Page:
The evening sky over the Northern Hemisphere treated stargazers to a once-in-a-lifetime illusion on Monday as the solar system's two biggest planets appeared to meet in a celestial alignment that astronomers call the “Great Conjunction”.
The rare spectacle resulted from a near convergence of the orbits of Jupiter and Saturn that happened to coincide with Monday's winter solstice, the shortest day of the year.
For those able to observe the alignment in clear skies, the two frozen-gas spheres appeared closer and more vibrant — almost as a single point of light — than at any time in 800 years.
A conjunction of the two planets takes place about once every 20 years. But the last time Jupiter and Saturn came as close together in the sky as on Monday was in 1623, an alignment that occurred during daylight and was thus not visible from most places on Earth.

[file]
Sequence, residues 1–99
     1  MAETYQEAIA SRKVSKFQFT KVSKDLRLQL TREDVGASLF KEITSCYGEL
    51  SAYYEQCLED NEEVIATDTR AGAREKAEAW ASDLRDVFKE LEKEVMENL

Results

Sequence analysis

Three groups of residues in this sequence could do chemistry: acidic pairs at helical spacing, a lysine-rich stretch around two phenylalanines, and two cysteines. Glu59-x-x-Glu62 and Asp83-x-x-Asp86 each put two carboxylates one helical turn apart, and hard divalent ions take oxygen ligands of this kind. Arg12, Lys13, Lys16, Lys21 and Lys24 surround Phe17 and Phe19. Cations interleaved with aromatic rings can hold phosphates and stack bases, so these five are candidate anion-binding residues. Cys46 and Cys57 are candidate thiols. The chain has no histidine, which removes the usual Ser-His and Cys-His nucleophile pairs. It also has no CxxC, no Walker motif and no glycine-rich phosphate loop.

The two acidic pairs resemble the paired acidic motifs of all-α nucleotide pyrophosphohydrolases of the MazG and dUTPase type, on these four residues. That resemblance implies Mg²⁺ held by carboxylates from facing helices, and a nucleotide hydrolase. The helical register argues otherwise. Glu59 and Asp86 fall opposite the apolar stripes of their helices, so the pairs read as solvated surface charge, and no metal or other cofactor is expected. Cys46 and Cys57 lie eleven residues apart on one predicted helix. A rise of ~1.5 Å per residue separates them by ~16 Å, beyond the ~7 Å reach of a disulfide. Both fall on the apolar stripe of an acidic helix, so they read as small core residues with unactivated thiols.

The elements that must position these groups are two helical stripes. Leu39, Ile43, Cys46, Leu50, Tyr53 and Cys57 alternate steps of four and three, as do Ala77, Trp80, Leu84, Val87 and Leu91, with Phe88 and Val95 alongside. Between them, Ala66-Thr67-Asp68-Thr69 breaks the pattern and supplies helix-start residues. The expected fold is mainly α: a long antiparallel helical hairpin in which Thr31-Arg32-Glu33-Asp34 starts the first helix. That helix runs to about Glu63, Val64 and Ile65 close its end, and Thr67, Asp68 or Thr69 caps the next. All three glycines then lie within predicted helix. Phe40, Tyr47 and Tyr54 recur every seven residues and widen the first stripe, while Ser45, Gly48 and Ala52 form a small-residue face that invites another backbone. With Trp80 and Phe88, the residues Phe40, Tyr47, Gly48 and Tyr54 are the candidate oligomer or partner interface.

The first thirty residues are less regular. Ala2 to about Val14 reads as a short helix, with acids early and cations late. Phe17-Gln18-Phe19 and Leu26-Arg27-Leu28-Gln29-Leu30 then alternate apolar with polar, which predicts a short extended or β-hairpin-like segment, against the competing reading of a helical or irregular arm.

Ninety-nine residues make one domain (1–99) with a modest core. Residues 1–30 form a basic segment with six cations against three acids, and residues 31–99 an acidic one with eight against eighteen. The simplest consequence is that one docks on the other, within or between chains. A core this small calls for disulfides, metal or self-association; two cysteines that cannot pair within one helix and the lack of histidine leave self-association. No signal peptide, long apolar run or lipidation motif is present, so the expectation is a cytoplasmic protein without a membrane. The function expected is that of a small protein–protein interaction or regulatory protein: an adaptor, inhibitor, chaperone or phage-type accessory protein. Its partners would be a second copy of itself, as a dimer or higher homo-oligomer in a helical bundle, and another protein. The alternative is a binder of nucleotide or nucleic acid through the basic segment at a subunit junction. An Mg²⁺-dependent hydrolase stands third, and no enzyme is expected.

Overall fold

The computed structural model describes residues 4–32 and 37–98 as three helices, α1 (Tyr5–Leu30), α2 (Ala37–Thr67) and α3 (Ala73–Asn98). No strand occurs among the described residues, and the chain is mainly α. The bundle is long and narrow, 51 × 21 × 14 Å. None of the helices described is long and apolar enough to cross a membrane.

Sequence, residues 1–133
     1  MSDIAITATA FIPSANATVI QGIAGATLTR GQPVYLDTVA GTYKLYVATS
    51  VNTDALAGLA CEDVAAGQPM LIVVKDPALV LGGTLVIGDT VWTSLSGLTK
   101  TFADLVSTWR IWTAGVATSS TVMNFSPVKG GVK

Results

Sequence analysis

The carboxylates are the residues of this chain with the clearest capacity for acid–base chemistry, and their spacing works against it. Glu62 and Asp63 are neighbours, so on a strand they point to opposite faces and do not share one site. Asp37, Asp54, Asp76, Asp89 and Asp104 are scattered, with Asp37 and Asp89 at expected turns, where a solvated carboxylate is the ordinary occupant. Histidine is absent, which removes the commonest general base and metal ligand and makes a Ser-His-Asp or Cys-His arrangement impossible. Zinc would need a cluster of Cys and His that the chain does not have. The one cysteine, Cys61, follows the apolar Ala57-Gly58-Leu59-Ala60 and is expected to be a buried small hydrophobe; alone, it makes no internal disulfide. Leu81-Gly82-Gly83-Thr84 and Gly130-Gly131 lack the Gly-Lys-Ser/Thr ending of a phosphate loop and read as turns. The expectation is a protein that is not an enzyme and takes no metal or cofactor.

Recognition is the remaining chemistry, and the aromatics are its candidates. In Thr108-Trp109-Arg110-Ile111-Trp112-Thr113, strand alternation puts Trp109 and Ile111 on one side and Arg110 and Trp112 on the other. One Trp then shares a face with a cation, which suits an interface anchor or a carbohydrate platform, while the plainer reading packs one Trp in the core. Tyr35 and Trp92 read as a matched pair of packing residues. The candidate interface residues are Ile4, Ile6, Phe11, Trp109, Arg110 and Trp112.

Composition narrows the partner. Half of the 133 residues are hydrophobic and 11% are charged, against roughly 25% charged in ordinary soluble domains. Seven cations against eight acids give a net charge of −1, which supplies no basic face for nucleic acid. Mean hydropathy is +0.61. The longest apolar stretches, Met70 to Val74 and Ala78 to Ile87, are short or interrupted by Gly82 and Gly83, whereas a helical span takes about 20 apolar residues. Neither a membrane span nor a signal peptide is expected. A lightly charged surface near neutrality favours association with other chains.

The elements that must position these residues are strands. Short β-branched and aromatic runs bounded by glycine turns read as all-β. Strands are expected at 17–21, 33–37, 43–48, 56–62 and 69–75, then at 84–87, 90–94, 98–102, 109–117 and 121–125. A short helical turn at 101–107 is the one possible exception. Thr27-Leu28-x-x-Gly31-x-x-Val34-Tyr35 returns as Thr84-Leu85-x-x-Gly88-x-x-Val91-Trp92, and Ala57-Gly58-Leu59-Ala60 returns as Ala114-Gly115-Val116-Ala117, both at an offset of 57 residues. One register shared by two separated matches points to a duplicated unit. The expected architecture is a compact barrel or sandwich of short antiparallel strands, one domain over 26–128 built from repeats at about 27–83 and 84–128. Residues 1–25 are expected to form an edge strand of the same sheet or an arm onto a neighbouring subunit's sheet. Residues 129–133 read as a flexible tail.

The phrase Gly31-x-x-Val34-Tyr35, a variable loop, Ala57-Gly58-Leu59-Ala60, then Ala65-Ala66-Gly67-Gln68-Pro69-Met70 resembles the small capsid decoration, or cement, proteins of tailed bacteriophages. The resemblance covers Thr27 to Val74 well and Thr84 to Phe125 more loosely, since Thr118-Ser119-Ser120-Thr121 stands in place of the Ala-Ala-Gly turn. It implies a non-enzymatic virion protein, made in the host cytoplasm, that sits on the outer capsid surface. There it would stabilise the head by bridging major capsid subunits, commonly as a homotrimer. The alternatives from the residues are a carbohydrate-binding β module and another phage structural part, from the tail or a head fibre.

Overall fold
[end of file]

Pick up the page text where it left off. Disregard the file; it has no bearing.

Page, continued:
The last visible great conjunction occurred long before telescopes were invented, in 1226, halfway through construction of the Notre Dame cathedral in Paris.
Header image: Planets Jupiter and Saturn (C, top) are seen above the Los Angeles skyline during the great conjunction as seen from the Griffith Observatory on the same day as the winter solstice on December 21. — AFP